The dishes that make a real French Christmas feast

Want to do Christmas like the French? Here's some inspiration.

The dishes that make a real French Christmas feast
Photo: AFP
The culinary highlight of the French year is not for most families on Christmas Day, but late on Christmas Eve, and traditionally begins once folks have returned from midnight mass.
The feast is called “Le Reveillon”, meaning “awakening” or “wake up”, because it normally goes on until the early hours of the morning. 
Whereas some cultures prefer to plump for a roast turkey and stuffing, with roast potatoes, gravy and a few extra trimmings, the French really push the boat out and flash the cash.
Here are ten Christmas dishes you can expect to eat if you're in France at Christmas
Le Reveillon starts as it means to go on and with caviar or smoked salmon on blinis, the traditional apéritif sets the tone for the rest of the mammoth evening/morning.
Photo: Stu Spivack/Flickr
While many of us might grimace at the thought of seafood for Christmas dinner, the French and particularly Parisians have a big appetite for it. Oysters don't come cheap, of course, but apparently they are nice and big and juicy around this time of year. Oysters will normally be served up as an appetizer at Le Reveillon to get diners in the mood for, well, more food.
Photo: R Thumb/Flickr
The French don't hold back on the spending when it comes to culinary customs for Le Reveillon, so continuing in the theme of pricey seafood, lobster and crab will often make an appearance on the menu.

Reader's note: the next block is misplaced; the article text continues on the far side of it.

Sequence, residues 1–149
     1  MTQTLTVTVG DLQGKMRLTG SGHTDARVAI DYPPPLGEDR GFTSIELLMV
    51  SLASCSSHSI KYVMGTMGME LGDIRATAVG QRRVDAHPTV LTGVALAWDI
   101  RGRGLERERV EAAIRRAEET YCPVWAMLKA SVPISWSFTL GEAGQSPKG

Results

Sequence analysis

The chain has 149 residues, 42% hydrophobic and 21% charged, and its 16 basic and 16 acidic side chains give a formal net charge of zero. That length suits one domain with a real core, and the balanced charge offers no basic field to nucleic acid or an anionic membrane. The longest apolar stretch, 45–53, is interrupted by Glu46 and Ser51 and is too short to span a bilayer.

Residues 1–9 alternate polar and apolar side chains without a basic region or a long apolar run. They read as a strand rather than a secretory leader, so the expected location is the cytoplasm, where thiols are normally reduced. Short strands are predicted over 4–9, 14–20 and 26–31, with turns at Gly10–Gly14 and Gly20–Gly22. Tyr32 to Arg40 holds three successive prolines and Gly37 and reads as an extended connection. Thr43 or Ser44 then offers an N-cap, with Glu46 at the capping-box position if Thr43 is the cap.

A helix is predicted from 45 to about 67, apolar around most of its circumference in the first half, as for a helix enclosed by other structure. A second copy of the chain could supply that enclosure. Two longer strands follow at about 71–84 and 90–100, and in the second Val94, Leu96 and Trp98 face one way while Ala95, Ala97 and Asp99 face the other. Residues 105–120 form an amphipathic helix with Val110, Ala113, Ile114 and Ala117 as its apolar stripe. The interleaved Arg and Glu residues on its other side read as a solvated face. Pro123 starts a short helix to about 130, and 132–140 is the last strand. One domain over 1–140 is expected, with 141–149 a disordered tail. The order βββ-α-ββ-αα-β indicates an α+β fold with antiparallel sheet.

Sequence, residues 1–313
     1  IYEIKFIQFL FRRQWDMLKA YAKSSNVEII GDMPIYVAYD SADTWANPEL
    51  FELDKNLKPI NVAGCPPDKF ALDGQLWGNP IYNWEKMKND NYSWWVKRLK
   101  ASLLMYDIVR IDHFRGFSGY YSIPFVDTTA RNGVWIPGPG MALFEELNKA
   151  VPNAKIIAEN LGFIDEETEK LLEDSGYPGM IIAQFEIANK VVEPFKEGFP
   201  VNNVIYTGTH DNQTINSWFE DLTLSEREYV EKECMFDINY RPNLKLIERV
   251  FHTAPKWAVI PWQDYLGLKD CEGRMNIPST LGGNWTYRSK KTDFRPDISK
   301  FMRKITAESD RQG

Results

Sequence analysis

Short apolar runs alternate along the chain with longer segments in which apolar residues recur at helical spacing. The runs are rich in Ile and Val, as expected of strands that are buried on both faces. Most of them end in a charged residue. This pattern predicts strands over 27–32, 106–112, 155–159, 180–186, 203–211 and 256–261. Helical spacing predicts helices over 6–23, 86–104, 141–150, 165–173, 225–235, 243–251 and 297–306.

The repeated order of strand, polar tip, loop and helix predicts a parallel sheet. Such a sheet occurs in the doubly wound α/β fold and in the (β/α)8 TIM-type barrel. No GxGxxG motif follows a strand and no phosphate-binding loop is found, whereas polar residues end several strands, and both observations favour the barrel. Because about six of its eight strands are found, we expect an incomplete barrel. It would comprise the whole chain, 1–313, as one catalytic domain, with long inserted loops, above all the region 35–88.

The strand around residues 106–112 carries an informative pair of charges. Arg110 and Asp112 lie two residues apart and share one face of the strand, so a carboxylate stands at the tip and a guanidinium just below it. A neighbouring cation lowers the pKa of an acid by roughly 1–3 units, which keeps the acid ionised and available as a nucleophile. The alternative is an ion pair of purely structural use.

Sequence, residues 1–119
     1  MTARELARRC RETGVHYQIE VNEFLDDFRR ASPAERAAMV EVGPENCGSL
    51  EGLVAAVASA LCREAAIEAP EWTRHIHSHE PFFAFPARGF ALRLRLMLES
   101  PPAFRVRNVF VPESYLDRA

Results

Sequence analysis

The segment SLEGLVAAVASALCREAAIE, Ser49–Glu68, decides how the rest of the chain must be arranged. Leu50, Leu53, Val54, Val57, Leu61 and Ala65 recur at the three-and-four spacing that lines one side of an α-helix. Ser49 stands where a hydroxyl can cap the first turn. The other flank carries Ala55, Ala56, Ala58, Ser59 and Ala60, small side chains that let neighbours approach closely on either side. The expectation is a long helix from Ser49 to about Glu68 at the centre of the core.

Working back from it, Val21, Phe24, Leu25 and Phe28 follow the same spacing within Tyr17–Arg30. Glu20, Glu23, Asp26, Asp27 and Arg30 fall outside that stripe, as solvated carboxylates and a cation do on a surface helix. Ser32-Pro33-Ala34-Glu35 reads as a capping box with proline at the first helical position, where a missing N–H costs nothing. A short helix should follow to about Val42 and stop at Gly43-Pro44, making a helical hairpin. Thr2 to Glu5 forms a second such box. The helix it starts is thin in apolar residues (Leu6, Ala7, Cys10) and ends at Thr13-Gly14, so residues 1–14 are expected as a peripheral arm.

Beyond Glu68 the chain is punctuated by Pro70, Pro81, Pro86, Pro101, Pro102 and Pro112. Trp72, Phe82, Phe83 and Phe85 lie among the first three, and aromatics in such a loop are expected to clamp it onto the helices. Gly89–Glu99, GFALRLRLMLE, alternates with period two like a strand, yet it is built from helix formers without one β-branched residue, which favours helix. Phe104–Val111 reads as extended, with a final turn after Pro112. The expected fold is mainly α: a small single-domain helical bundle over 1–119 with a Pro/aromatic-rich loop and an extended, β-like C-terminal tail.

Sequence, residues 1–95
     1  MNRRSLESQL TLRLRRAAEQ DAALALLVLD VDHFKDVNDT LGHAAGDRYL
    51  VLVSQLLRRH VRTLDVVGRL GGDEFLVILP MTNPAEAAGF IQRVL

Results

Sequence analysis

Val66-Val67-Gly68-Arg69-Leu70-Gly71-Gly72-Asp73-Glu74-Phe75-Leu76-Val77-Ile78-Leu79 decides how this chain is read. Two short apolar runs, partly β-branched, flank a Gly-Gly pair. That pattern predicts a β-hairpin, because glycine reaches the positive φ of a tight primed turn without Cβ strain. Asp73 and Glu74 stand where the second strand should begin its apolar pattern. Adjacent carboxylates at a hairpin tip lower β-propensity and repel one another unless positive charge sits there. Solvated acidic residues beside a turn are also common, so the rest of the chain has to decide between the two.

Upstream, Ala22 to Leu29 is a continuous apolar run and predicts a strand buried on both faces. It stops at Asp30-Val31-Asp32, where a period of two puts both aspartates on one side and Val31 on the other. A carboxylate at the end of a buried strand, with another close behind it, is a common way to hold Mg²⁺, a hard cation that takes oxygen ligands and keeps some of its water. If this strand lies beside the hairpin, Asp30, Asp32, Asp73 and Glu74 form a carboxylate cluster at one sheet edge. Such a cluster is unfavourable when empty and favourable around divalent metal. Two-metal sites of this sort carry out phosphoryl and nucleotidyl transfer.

Photo: Chispita/Flickr
Of course, a French Christmas feast wouldn't be the same without a portion (or four) of that typically festive treat – foie gras. There's no force-feeding here though as it's most often served up on slices of bread as a starter or apéritif with a sweet wine, normally a Sauternes.
Photo: stu spivack/Flickr
Snails might not be eaten as often in France as many people think, but they do make an appearance at Christmas, particularly in the region of Burgundy, home of the “escargot de Bourgogne”. They'll be served up as a starter, with the usual garlic and parsley butter, to hide/bring out the slimey/smooth texture and flavour/tastelessness.
Photo: Craig Hatfield/Flickr
Scallops are a real mainstay of the Reveillon feast. And there's more than one way to cook a scallop, although served as a starter with a cream sauce is the most popular. Make sure you pick the right ones when you go to the market, or risk getting another more rude “awakening” on Christmas morning. No suspect juices or odours and they should be alive at the time of purchase.
Photo: David Jones/Flickr
When it comes to the main course for Le Reveillon, that dish changes year on year, and by region. One of the most popular remains the traditional turkey with a chestnut stuffing. Chestnuts are everywhere in France at Christmas, so it's natural you would find them stuffed inside turkey. 
Photo: Lauren Tobs/Flickr
Including guinea fowl (pintade), quail (caille), pheasant (faisan), goose (oie) – particularly in the Alsace region of eastern France – and of course chicken (poulet). “If it flies it fries”, seems to be the motto when it comes to traditional main courses for Le Reveillon.
Photo: Austin Evan/Flickr